College student shares story of reporting sexual assault, trial, and closure
BISMARCK, N.D. (KFYR) - After a rape case went to trial this fall and a district court judge ruled the evidence didn’t show beyond a reasonable doubt the accused committed the crime, the college student who reported the events said she felt the court system failed her. In an exclusive interview with Your News Leader the Bismarck woman is now sharing her story... what it was like taking the case to trial and why she’s still glad she came forward.
When Sydney Dollinger was recruited to play soccer at Minot State, she, like any college freshman, was eager to make new friends, learn new things and become more independent.
“When [the recruiter] called me, I was a senior in high school, so I was like, ‘oh my gosh this is so exciting,” said Sydney Dollinger.
“She was so focused when she started college. She had such a particular plan lined out for herself, so I was excited to watch her reach those goals and continue to grow,” said Sydney’s mother Susan Dollinger.
Not long into her first semester she took a trip to NDSU to catch up with friends also starting their college careers.
“It was an innocent little gathering, just drinking and catching up with girlfriends,” said Sydney.
That’s when everything changed.
“I knew that just with all the pain and the bruises and the blood, and all the physical pain I was in, I had been raped,” said Sydney.
She said she told a professor, her parents, and the police. That’s what kicked off two years of legal battles.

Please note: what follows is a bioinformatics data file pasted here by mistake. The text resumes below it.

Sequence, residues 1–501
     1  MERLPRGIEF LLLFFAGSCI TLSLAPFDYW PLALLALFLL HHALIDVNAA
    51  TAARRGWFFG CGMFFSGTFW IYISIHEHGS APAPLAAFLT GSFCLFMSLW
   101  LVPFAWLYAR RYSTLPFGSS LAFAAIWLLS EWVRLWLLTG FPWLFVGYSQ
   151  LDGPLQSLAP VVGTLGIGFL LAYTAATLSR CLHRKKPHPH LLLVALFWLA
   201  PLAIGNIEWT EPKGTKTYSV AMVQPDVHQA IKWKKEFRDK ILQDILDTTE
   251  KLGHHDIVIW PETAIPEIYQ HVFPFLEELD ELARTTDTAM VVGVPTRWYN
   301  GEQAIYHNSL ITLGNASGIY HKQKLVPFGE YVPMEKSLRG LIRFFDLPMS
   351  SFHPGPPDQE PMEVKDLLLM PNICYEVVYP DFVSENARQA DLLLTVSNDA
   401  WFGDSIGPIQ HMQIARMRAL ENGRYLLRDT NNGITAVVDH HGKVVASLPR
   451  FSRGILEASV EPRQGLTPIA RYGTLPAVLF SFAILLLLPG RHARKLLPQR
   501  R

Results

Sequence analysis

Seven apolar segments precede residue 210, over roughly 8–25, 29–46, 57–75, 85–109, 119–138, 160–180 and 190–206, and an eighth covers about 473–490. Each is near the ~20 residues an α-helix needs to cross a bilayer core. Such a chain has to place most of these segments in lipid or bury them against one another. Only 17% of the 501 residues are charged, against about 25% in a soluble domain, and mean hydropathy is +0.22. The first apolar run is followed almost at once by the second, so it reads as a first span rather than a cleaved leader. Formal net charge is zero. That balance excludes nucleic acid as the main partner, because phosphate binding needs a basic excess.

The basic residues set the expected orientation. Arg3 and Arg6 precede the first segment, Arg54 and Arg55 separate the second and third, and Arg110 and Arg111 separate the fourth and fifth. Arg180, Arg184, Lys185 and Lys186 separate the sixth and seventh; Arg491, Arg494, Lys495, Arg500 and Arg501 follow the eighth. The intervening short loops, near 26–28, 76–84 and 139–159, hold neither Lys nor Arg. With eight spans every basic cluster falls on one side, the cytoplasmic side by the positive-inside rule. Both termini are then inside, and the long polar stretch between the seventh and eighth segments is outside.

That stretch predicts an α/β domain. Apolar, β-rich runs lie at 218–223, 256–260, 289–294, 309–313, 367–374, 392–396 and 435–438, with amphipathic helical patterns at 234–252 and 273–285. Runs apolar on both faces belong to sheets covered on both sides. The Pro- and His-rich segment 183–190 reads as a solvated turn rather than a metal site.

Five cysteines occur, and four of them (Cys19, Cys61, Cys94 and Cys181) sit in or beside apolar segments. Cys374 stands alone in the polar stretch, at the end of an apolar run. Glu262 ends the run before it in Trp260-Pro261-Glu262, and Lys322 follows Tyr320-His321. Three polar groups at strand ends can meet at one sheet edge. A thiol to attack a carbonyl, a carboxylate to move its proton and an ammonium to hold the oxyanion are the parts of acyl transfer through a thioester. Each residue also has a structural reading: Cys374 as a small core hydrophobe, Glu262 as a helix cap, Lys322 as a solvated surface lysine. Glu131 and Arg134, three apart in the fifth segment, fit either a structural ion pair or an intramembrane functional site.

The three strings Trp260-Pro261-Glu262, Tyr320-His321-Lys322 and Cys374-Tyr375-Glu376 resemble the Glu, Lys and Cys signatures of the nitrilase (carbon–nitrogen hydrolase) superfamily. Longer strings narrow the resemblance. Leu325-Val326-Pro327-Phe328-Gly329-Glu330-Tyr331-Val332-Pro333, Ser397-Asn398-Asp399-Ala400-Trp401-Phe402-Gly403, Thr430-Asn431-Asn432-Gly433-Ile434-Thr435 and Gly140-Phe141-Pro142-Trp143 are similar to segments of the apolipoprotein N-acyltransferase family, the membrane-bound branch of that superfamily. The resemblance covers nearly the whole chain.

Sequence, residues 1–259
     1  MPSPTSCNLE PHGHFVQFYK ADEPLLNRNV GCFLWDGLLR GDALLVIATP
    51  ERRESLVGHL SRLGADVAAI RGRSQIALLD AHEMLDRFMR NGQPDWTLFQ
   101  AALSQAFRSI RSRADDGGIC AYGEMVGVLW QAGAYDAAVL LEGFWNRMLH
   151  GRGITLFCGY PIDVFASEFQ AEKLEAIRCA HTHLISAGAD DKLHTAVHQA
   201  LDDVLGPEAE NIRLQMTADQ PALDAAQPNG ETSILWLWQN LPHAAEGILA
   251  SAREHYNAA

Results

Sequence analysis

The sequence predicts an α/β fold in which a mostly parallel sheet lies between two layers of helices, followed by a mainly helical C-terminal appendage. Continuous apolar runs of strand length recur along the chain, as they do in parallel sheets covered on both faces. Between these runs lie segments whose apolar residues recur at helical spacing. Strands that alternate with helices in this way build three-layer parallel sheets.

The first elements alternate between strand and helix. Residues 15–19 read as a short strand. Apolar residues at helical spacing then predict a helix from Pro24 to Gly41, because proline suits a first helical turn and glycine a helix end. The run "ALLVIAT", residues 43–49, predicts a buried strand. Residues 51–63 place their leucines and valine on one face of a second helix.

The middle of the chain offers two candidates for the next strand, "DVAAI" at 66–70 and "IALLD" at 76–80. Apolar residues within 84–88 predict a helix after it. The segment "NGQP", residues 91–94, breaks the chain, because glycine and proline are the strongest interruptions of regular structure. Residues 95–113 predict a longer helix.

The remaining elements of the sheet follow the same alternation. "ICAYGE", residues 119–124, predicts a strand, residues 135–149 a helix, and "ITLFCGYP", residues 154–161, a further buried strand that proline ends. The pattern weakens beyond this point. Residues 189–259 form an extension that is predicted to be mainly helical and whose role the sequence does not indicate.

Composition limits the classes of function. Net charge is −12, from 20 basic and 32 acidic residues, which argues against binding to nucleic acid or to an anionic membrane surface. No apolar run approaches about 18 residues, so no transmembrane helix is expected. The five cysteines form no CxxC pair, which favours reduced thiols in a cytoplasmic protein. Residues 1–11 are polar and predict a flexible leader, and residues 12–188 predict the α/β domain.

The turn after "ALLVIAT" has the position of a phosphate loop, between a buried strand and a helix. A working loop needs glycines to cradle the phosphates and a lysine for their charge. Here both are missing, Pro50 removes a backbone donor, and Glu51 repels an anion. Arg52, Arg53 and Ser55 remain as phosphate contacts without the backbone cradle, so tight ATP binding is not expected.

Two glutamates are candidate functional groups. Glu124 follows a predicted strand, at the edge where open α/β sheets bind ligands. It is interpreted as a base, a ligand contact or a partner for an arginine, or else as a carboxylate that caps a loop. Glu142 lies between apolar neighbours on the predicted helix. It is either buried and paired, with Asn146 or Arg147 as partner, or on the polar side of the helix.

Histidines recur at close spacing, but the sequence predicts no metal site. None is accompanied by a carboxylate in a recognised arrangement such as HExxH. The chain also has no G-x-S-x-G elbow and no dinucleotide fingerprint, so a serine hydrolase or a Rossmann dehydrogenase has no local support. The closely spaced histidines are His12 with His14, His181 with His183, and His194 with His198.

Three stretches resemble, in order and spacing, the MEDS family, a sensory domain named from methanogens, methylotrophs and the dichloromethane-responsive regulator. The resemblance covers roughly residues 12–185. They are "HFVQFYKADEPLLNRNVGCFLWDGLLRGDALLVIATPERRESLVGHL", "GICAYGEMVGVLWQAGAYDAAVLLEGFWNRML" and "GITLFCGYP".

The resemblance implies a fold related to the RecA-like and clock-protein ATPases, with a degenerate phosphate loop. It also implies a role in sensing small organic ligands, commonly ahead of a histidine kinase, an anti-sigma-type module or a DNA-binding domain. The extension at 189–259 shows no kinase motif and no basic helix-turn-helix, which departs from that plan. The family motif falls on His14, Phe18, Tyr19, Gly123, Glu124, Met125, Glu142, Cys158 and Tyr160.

“I was a criminal justice student, so I knew very, very vaguely what I was going to get myself into. But I was scared. I was absolutely terrified,” said Sydney.
“She was just 18, just barely 18 when she went to college. So, as an adult in the eyes of the system she had to do all of the advocacy herself,” said Susan.
“It’s absolutely excruciating to have no control. You know the only thing you want to do is protect your kids and make sure they are happy and healthy,” added Susan.
Her parents, and the attorney she got under Marsy’s Law, supported her through each hoop in the legal system as the case became complex. She said her name was published in court documents and her personal life was put on display.
“It was hard. Each time had its own battle, its own set of tears, its own screams. But every time I prevailed through it,” said Sydney.
Her family, friends, and dogs were there for other tribulations too, as she quit soccer and moved home to Bismarck.
“When something like this happens everybody asks, ‘what can we do, what can we do?’ And there isn’t anything except love her and believe her and support her,” said Susan.
If she went back in time, Sydney says, while it’s been extremely tough, she’d still make the report.
“I think wanting that justice and wanting to make sure that other women don’t have to face what I do would prevail, but it is so hard on you,” said Sydney.
As she looked back at pictures from before the ordeal, she said she’s hopeful again for the future. The outcome of the trial wasn’t what she wanted but she said it was closure.
Sydney added that her future might include a career in law enforcement to help others in similar situations.
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